The Centenary of the Balfour Declaration

(Begin-Sadat Center for Strategic Studies-Bar-Ilan University) Maj. Gen. (res.) Gershon Hacohen - Referring to the Balfour Declaration of 1917, Palestinian Authority President Mahmoud Abbas said, "This was a crime perpetrated against our people." PA Foreign Minister Riyad al-Maliki demanded an apology from Britain on behalf of the Palestinian people. We should pay attention to this protest, which demonstrates the continued relevance of the Balfour Declaration today. The idea of self-determination as an accepted international principle was introduced into the discourse of the world powers by President Woodrow Wilson with the entrance of the U.S. into the First World War in 1917. At the San Remo Conference (1920), the League of Nations conferred a temporary ruling mandate for Palestine on Britain, until the peoples of the region could stand on their own feet. In 1922, the League of Nations approved the inclusion of the Balfour Declaration in the mandate, a measure also adopted by the other Allied powers. Britain was thus charged with the Declaration's implementation - namely, the facilitation of the establishment of a national home for the Jewish people in the Land of Israel. The Arabs claimed the Balfour Declaration contradicted the principle of self-determination, but they did not demand Palestinian self-determination. What they demanded instead was the joining of the mandatory Land of Israel to the short-lived Kingdom of Syria, established by the self-proclaimed King Faisal. Their recognition of Palestine as part of a "Greater Syria" remained long after Faisal was expelled from Damascus by the French in 1920. The declared awareness of the League of Nations of the exceptional situation of the Jews emphasized the significance of the special right of the Jewish people in the Land of Israel. It recognized their historical and cultural affinity to the land, and affirms their political significance. The importance of the Declaration lies also in its timing, decades before the Holocaust. It recognized the right of the people of Israel to establish a national entity in the Land of Israel due to their historical ties to the land, rather than to a disaster that befell them. It is also highly significant with regard to international law that remains in force. The writer, a senior research associate at the BESA Center, served in the IDF for 42 years, commanding troops in battle on the Egyptian and Syrian fronts.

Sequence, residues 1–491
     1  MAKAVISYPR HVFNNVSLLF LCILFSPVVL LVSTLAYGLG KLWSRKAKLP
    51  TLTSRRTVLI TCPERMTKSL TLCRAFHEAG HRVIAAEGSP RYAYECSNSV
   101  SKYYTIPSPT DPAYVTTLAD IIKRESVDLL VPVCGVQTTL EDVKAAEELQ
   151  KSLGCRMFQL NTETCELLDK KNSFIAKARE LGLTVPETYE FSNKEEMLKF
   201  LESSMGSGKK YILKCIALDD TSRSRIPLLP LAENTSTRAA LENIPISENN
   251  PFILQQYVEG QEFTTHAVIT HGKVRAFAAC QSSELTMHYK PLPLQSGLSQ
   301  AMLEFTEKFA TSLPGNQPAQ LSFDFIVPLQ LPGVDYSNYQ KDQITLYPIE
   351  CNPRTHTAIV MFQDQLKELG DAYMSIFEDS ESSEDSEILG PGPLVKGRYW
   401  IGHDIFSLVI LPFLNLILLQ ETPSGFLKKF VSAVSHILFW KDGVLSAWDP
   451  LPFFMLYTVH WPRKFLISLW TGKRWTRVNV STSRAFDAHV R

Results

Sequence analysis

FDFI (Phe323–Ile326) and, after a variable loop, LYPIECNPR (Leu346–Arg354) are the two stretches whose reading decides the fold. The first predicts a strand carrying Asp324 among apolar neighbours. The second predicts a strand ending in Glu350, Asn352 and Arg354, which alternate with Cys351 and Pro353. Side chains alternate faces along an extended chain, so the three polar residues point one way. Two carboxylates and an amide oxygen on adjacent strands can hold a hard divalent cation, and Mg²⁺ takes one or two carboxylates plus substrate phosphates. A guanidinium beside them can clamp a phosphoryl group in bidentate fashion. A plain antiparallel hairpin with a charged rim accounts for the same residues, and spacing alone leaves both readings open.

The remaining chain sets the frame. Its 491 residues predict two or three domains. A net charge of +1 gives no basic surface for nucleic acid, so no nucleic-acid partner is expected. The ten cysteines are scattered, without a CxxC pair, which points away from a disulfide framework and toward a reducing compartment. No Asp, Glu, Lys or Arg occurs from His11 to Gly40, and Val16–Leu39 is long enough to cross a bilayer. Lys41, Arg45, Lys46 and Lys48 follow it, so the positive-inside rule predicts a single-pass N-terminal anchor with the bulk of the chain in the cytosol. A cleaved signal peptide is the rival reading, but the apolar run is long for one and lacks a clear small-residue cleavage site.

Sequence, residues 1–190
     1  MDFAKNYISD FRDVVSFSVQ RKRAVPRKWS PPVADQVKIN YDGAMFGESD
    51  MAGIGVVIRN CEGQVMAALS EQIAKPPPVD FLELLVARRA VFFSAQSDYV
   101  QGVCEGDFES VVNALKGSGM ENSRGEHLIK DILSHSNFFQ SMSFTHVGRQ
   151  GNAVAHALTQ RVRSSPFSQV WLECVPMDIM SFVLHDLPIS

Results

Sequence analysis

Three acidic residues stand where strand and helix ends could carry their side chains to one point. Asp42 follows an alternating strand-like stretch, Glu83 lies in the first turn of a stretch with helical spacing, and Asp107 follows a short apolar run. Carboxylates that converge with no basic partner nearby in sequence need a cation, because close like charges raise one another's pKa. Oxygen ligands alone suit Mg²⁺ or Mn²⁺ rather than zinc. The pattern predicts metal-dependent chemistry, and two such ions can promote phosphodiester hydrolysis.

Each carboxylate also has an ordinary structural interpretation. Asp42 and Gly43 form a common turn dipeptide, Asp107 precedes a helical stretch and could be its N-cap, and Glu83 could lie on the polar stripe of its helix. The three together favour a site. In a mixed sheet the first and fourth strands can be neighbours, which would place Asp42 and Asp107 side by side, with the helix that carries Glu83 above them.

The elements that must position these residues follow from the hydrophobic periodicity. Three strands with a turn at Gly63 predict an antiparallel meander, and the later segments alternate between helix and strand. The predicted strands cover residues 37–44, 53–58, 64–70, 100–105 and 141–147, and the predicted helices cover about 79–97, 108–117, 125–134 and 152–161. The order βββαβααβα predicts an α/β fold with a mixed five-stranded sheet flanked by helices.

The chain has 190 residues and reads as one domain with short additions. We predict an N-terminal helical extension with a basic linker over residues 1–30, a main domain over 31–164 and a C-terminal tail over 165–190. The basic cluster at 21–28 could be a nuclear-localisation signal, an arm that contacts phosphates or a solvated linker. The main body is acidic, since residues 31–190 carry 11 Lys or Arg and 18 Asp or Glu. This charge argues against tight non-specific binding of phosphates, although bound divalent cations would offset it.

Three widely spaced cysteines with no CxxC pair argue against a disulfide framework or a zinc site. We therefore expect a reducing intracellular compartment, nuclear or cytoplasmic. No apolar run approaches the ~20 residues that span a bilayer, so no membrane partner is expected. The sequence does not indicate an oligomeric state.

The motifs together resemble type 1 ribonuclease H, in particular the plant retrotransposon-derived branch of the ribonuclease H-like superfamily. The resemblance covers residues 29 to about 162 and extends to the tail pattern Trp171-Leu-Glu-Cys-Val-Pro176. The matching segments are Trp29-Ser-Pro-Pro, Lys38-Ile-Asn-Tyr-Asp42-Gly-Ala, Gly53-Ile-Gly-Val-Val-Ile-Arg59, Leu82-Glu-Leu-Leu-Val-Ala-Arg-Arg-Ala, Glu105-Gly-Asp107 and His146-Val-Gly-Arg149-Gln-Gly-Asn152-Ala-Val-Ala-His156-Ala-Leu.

2017-03-10 00:00:00

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